Chaim lived on Sosechnaya Street, across from the shul. He was a refugee from wartorn Lithuania. He had settled in the shtetl in 1915 and opened a barbershop — the first in Noviye Mlini. On each of the two front columns, he had hung a painting. One was of a barbarian with wild, uncombed hair and the other of a well-groomed man with neatly cut hair. Above the two portraits was a sign: “Parikmakherskaya” — barber. Chaim was childless, and bestowed all his love on his wife, Chaika, whom he treated as if she were a little girl. Whoever came in for a haircut was treated to a long discourse on the Bible and the Midrash and to folk stories.

Old PreRevolution building in former shtetl

Old PreRevolution building in former shtetl


When the Denikin Army entered Noviye Mlini, the officers flocked to the barbershop. From late in the afternoon through the whole night, Chaim cut hair and shaved officers and cossacks, without a stop. By dawn, he was weak from lack of food and sleep. “Please, let me rest a few minutes; then I’ll be able to give greater service to Your Excellency. I am exhausted,” Chaim pleaded to a high-ranking officer. “I have no time to wait. Go wash your face in cold water and continue.” A drunken cossack followed the officer to the barber’s chair. While Chaim was cutting his hair, the cossack fell asleep. When Chaim began shaving, the razor nicked the man’s face. The cossack jumped from the chair with pain and felt the blood on his face. In anger, he grabbed his rifle and struck Chaim over the head with it, splitting Chaim’s skull. With a roar of a wild beast, Chaim fell — blood pouring from his skull. Chaika, Chaim’s wife, had been hiding in the attic. She heard Chaim’s cry and rushed into the room — now empty of soldiers. Chaim lay dying in a pool of his blood.

Old shtetl's building in the centre of village

Old shtetl’s building in the centre of village

During the night of the pogrom, Katusha heard and saw the roving bands of soldiers, their coming and goings into Luba’s house. As usual, she left early that morning for the marketplace which was crowded with peasants, mostly from outlying villages, busily looting the Jewish stores. The stores belonging to Christians, identified by a large cross painted on their doors, were shut and locked. Egged on by the Denikin officers and cossacks, the peasants plundered the Jewish stores and homes. They carried away everything that was movable. It was a festive occasion.

Shleime Slutsky, a middle aged Jew, lived with his wife, Cheya, and two sons, Simenke, 19, and Kalman, 21, in a house facing the market square. The house was attached to a large hardware store, the most successful store in the shtetle. It was rumoured that Shleime was a gvir — a rich man. While most of the shtetle’s Jews went into hiding, Shleime decided that his family should stay at home to protect the property. He relied upon his long experience of staying out of trouble with the goyim by bribing them. He was fond of saying, “When you grease the axle, the wheel rides smoothly.” On the first night of the pogrom, the family climbed through a secret door into the attic of the store. Miraculously, their home was spared that night. The following morning, peasants broke into the store. The family abandoned their hideout and came down to save their belongings. There was so much loot that the peasants and soldiers just ignored the protesting owners. A new band of young cossacks entered the house and saw the family Cowering in a corner of the living room.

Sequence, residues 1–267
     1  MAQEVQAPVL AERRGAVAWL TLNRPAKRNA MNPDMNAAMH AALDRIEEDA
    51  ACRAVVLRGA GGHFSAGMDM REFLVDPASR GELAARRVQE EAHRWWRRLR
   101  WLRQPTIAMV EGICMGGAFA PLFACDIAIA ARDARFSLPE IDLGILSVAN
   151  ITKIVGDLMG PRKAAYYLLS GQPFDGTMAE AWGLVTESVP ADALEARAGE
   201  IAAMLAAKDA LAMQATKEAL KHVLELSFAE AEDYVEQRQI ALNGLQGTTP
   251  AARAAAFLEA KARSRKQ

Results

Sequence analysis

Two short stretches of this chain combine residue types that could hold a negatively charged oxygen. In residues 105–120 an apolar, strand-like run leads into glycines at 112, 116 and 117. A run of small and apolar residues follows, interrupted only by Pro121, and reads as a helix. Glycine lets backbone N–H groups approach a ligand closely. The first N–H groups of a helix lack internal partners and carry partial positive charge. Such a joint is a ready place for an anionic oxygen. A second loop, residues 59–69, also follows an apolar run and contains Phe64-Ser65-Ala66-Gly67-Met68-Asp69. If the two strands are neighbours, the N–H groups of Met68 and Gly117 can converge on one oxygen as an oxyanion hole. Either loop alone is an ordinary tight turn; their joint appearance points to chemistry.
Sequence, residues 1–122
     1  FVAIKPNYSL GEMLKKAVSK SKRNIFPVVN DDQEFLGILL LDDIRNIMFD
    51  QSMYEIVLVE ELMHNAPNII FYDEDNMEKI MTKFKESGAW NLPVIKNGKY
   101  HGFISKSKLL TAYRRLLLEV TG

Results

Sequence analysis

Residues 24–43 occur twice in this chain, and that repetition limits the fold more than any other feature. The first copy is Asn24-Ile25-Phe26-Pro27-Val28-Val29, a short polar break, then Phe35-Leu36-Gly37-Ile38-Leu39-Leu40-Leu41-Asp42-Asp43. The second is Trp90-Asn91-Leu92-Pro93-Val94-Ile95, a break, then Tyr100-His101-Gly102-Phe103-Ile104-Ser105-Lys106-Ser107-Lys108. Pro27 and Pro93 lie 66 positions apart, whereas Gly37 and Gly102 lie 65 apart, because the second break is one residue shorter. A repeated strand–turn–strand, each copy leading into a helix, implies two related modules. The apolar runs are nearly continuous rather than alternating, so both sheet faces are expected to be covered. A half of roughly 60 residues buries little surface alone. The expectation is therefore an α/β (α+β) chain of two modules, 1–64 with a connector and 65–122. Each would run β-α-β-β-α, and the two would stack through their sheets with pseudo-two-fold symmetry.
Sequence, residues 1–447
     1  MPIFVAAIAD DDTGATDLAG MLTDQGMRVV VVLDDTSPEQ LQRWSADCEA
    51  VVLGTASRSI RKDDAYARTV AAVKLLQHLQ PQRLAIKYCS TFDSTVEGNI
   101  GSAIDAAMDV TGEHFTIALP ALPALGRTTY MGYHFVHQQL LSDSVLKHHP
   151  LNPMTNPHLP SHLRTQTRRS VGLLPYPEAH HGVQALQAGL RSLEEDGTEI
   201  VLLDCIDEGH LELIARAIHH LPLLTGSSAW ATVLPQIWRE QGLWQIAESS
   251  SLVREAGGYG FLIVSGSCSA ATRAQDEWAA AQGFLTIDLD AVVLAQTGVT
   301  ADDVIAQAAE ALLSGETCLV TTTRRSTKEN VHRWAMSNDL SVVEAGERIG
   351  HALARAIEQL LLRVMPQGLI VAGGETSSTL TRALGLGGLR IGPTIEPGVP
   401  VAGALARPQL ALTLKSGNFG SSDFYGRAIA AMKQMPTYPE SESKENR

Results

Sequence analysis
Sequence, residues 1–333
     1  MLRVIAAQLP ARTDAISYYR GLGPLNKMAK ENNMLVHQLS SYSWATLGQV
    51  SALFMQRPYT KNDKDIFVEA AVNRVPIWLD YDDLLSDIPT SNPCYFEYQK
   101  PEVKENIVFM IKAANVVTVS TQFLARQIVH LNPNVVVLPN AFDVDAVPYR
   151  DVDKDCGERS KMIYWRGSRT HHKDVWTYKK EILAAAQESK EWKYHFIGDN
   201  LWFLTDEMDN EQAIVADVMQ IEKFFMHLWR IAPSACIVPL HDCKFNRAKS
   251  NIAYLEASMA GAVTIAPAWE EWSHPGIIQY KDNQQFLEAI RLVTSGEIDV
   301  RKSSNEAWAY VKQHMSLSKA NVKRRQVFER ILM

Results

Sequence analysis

Ruins of old house

Ruins of old house

The Denikins had used the synagogue as a stable, and Motul saw horse manure, hay, torn prayer books and prayer shawls, and pieces of torn Torah, all scattered upon the floor. A small crowd of fellow Jews who had come out of hiding were cleaning busily. There were greetings without handshakes, expressions without words. “Motul, we’ll have a minyan soon,” said Shmuel, the shamess, caretaker of the shul. “Look around, you may find your tallis or prayerbook. Some can be put together and used.” A small crowd of Jews gathered in the courtyard of the synagogue. Members of the Chevra Kadisha, the burial society, had brought the bodies of three murdered Jews to the synagogue for burial in temporary shallow graves. As was the tradition, a small grave was also dug to bury the torn Torah and prayer books. Among the wailing women and deeply despondent men stood the revered Rabbi Joseph.

As a result of the pogrom, three people were killed – Zyama (brother of Abram Vilcher), hairdresser Chaim, and the son of merchant Shlema Slutsky.

Old house in the centre of village

Old house in the centre of village

After Pogroms

After the establishment of Soviet power and the destruction of traditional economic ties, Jews began to leave Novye Mlyny en masse. In the 1920s, most Jews left for Konotop, Chernigov, and other cities of the USSR.

In the 1920s, the synagogue was closed and turned into a village club.

I could not find out if any Jews lived in the village at the beginning of World War II.

Grave of soviet soldiers who perished during the village liberation in 1943

Grave of soviet soldiers who perished during the village liberation in 1943

After the war, a Jewish janitor worked at the local school, but I needed to determine if he was a local resident or if he was brought in from another place for work after the war.

During my visit in 2020, the synagogue remained closed and was not used for anything in the village. According to the information from residents, only one room in the building was being used. It had been converted into a milk collection point.

Famous Jews from Novye Mlyny

Yosef Haim Brenner (1881, Novye Mlyny – 1921, Israel) was a Jewish writer, literary critic, translator, and one of the pioneers of modern Hebrew literature.

Yosef Haim Brenner

Yosef Haim Brenner

Jewish cemetery

The town did not have a Jewish cemetery, and Jews buried their dead in the Jewish cemetery in Sosnitsa.